Nicki’s Story

I had been experiencing pain when going to the bathroom and, soft stools and a change in my bowel movements for about one year or so. I had been to my local GP on numerous occasions and been told I could be lactose intolerant or have IBS and also tested for celiac disease and colitis. All negative.

However, my CEA was through the roof. This was still not enough of a problem for my GP to not send me for an urgent colonoscopy. She said. “Highly unlikely to be anything sinister as you’re too young”. I waited just over a year on a low-priority waiting list to finally get the colonoscopy done. The cancer was so huge that the doctor couldn’t do the exam properly as my colon was blocked by this mass. Hence, all the pain I was in.

I sat in the waiting room afterwards, not knowing the outcome but thinking everything was fine as I was too young to get bowel cancer and waited for my husband. I noticed that the doctors and nurses were giving me sympathetic looks, but still, I didn’t acknowledge something was wrong. When my husband arrived, they ushered us into a private room to give the bad news. We were in denial.

I’m was just too young my GP had said. The doctor that performed the colonoscopy was visibly upset and angry as he said I should have been pushed through way sooner than this with the symptoms I had.

I was then sent for a CT scan, which supposedly confirmed that it hadn’t spread and then booked in for surgery. I remember waking up after the surgery, and the first thing I did was touch my abdomen to see if I had a colostomy bag. Thank goodness I didn’t. I was then booked in for six months of chemo to mop up any stray cancer cells. Almost two years later, my CT scan came back with small tumours in both lungs.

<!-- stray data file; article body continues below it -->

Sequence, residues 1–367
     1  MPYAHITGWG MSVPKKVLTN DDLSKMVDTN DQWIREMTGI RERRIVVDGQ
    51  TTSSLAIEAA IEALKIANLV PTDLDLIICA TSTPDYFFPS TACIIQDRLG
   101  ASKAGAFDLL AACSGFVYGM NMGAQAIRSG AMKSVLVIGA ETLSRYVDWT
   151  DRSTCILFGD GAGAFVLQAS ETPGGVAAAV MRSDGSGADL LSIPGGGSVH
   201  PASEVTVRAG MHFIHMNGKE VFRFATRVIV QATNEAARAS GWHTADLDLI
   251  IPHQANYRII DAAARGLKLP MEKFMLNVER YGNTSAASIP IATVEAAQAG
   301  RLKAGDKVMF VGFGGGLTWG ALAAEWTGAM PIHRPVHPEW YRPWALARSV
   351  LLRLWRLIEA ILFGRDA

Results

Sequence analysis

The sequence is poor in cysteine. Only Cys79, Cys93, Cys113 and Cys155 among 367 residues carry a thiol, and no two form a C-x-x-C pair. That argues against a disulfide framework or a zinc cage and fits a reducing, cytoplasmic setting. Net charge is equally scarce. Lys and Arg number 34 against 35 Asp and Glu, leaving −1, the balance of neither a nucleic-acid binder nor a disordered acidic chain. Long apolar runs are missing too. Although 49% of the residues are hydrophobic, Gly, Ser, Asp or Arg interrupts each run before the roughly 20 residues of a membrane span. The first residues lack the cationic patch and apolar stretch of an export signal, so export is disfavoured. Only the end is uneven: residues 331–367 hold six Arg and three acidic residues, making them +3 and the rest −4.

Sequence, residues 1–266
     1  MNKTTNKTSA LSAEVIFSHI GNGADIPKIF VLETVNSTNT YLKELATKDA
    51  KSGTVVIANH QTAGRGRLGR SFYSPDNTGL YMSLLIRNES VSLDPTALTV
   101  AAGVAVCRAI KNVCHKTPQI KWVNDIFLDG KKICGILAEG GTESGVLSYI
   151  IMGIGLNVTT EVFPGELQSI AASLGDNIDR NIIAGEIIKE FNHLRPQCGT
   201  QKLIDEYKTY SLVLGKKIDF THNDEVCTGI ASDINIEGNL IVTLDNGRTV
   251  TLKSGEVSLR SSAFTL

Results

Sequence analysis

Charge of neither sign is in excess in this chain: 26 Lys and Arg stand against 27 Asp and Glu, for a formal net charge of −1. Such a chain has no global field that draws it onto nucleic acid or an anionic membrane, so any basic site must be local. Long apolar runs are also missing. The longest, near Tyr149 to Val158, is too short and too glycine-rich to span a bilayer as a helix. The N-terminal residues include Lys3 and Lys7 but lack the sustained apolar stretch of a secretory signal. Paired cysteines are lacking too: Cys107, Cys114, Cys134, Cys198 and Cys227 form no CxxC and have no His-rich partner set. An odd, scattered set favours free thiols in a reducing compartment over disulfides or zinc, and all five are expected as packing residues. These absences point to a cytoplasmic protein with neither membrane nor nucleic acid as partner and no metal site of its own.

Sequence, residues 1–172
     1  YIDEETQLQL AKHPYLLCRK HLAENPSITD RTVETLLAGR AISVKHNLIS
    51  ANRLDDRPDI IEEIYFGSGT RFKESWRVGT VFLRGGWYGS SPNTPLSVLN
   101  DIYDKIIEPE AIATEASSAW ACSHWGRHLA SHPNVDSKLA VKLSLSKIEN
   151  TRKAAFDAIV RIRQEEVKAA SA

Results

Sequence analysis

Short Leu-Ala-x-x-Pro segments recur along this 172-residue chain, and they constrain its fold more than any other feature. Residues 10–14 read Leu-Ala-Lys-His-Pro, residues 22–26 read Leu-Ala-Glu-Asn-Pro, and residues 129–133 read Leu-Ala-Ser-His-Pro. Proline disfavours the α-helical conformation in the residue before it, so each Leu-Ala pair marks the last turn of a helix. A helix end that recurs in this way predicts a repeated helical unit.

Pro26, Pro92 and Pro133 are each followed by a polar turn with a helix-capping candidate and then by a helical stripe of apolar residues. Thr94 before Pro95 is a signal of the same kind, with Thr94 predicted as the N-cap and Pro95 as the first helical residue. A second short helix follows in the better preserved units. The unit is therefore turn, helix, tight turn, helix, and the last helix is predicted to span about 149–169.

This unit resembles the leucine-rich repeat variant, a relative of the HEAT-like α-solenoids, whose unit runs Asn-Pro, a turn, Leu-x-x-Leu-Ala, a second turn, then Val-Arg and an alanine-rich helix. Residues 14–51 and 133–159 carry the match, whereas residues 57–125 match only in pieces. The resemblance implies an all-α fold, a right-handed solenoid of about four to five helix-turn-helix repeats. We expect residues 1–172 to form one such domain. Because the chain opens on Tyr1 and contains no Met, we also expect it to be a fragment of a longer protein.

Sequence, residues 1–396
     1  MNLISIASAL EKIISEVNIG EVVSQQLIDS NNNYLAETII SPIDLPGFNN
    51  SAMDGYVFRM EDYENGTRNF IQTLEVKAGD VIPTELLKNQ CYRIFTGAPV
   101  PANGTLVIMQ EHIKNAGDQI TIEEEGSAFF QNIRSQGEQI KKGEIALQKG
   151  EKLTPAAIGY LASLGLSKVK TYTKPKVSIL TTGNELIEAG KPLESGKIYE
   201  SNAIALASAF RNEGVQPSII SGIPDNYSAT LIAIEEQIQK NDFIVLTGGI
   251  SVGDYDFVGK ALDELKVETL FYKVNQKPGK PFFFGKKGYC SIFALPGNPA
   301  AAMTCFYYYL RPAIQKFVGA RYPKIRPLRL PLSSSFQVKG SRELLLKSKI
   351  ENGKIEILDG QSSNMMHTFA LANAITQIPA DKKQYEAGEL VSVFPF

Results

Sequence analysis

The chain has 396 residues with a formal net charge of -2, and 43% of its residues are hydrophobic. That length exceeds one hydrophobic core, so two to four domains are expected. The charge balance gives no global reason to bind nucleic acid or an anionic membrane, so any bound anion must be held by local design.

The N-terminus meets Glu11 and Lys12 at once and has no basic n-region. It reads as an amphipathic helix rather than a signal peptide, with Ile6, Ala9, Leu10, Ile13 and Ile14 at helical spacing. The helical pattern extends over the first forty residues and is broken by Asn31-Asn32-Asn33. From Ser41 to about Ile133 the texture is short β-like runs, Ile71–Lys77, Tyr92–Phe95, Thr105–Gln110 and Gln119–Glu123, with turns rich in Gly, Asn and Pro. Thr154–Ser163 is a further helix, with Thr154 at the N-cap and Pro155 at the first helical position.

They were visible on the first CT scan but were very small and not picked up. Again, I was incredibly lucky that they were operable and had two operations, one on each Lung, to remove them. I thought that was it, but alas, a year later, my CEA kept increasing, and my specialist said that he believed something was up again. I was CT-scanned every three months, and the last scan showed a tumour in my omentum.

Again, I was very lucky that it was operable and had a super amazing surgeon who had just come back from the UK after specialising in this op for seven years. He cut me open from my chest to my lower abdomen and took my omentum out and basically everything else I didn’t need. That surgeon was my angel. That was three years ago, and now I’m going from strength to strength. My bloods are the best they’ve ever been, and I feel like the Grim Reaper isn’t on my shoulder. The anxiety never goes away, though, and I think that every day is a blessing and it’s a privilege to get older, as it’s not given to everyone.